Put that the Foreign Secretary ought to have reassessed his plans to authorise the rescue attempt of British aid worker Linda Norgrove, the PMS pointed out that the Prime Minister had addressed this in his press conference adding that the issue had been kept under constant review, COBRA had met 12 times and provided updated advice, but that had not led to a change in strategy.
Asked how updates on Linda Norgrove had been received, the PMS referred the media to the comments made by the Foreign Secretary in the House of Commons today.
Asked if the Foreign Secretary had the opportunity to revoke his decision to rescue Linda Norgrove, the PMS stated that at any time a different judgement could have been taken, but the advice remained the same.
Asked at what time General Petraeus telephoned the Prime Minister, the PMS confirmed that Downing Street had received a call in the early hours.
Asked if UK forces had led a rescue operation for US nationals, the PMS replied he was unaware of such circumstances, but confirmed British forces have been involved in the rescue of other foreign nationals.
Asked who led such rescue missions, the PMS referred journalists to the words of the Prime Minister today. Forces with knowledge of the terrain and understanding of the situation in the area led such missions.
Asked about the Prime Minister’s meeting with General Petraeus, the PMS said it had been in the diary for a number of weeks.
Asked if there were plans for telephone calls with President Obama and if an inquiry would be led by the US or jointly, the PMS stated that the terms of the inquiry would be worked through with the US and that it would be a joint US/UK inquiry. General Petraeus had invited the UK to take part and we had accepted his invitation. The PMS said no telephone calls were currently scheduled with Obama.
In response to the suggestion that the Prime Minister would respond to the CSR, the PMS replied that the CSR was a Chancellor announcement and as such there would be a statement to the House from the Chancellor and a response from the Shadow Chancellor.
Asked if the Prime Minister had received the Lord Browne report, the PMS confirmed that the report was delivered over the weekend.
Asked about the response to Lord Browne’s report, the PMS explained that a response would be given once the report was officially published.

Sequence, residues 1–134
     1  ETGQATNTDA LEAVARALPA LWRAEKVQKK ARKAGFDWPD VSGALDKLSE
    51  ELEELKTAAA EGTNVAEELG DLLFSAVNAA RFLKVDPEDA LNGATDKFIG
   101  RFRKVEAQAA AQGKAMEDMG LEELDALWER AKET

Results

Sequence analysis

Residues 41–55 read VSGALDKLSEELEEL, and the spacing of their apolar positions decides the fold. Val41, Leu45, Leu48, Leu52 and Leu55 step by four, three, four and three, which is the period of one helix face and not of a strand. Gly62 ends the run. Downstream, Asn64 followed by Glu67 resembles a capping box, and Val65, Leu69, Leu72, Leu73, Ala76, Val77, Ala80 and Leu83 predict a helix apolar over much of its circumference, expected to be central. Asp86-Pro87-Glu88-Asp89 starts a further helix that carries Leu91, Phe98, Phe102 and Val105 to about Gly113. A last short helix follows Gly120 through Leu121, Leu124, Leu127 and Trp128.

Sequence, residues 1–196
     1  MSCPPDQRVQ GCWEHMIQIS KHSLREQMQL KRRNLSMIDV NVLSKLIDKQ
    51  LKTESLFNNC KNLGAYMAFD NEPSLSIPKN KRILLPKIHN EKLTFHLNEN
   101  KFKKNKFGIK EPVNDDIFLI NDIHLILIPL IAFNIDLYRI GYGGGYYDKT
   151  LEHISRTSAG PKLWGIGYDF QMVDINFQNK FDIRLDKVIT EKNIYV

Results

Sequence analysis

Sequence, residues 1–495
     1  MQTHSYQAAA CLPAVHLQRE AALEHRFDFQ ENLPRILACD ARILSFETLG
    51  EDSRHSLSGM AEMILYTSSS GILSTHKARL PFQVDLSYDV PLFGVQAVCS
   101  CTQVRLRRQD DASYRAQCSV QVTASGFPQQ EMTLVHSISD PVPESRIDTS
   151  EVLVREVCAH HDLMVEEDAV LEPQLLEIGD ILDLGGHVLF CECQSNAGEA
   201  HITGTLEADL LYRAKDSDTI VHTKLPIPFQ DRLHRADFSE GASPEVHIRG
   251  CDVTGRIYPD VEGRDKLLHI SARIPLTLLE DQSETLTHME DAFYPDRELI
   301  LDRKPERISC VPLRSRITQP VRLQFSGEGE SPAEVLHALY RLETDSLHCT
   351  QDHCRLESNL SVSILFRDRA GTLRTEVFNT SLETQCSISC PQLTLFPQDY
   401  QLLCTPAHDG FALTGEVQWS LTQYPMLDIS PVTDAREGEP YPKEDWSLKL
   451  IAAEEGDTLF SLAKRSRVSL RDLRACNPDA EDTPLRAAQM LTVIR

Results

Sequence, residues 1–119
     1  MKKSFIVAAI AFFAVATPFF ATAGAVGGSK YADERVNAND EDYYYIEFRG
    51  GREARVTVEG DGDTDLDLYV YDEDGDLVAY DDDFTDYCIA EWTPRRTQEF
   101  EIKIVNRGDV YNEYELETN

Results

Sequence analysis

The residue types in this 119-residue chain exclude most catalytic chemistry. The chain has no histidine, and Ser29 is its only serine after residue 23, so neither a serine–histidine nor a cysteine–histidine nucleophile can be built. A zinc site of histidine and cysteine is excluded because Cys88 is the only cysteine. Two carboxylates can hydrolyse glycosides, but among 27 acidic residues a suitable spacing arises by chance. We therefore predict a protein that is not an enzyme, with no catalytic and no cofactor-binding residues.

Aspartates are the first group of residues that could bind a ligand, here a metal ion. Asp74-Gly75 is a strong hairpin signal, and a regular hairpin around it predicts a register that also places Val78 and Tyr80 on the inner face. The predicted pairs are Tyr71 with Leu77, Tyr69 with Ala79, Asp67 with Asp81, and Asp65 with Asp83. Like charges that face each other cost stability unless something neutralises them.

Put that hosting a cross-party meeting on a report was a new precedent, the PMS replied that this was an issue of concern to all parties and the review had been commissioned by the last government.
Green Efficiency Review
Put that many efficiency reviews such as Philip Green’s had been produced for government and not been implemented and asked why this review was different, the PMS replied that government would implement the recommendations and that there would be more central direction for departments.
Asked if government would follow Green’s advice on telecoms contracts, the PMS stated that by using buying power more effectively government should secure better deals and that there was a lot more that government could be doing and consequently would be following through.
Put that Green’s suggestion to introduce new procedures when signing off purchases would lead to greater bureaucracy, the PMS explained that currently lots of different departments tender to procure the same things and that duplication ought to be reduced and could be reduced through implementing the recommendations.
Asked to comment on HMRC’s discussions with Phillip Green about tax, the PMS pointed out that it was not appropriate to comment on an individual’s tax affairs.
Asked if the report could be described as thorough given its length, the PMS said the report was very thorough and a huge amount of work had been done. The PMS confirmed government would follow up the recommendations of the report and that Francis Maude would say more about the details of that process in due course.
Asked about the threshold hold for child benefit coming down, the PMS stated that the Prime Minister had addressed the question in his press conference. The PMS explained that commitments about tax thresholds and policy would be set out by the Chancellor.
In response to the suggestion that the Secretary of State for the Department for Work and Pensions had not been consulted on plans for child benefit, the PMS replied that discussions with relevant ministers had started before the Budget. Usually such discussions take place between the department and the Treasury, but on this occasion it had also involved other ministers such as the Deputy Prime Minister.
Asked if there would be re-profiling of the Budget, the PMS said that this set the direction of policy on spending. The spending envelope had been set at the time of the Budget.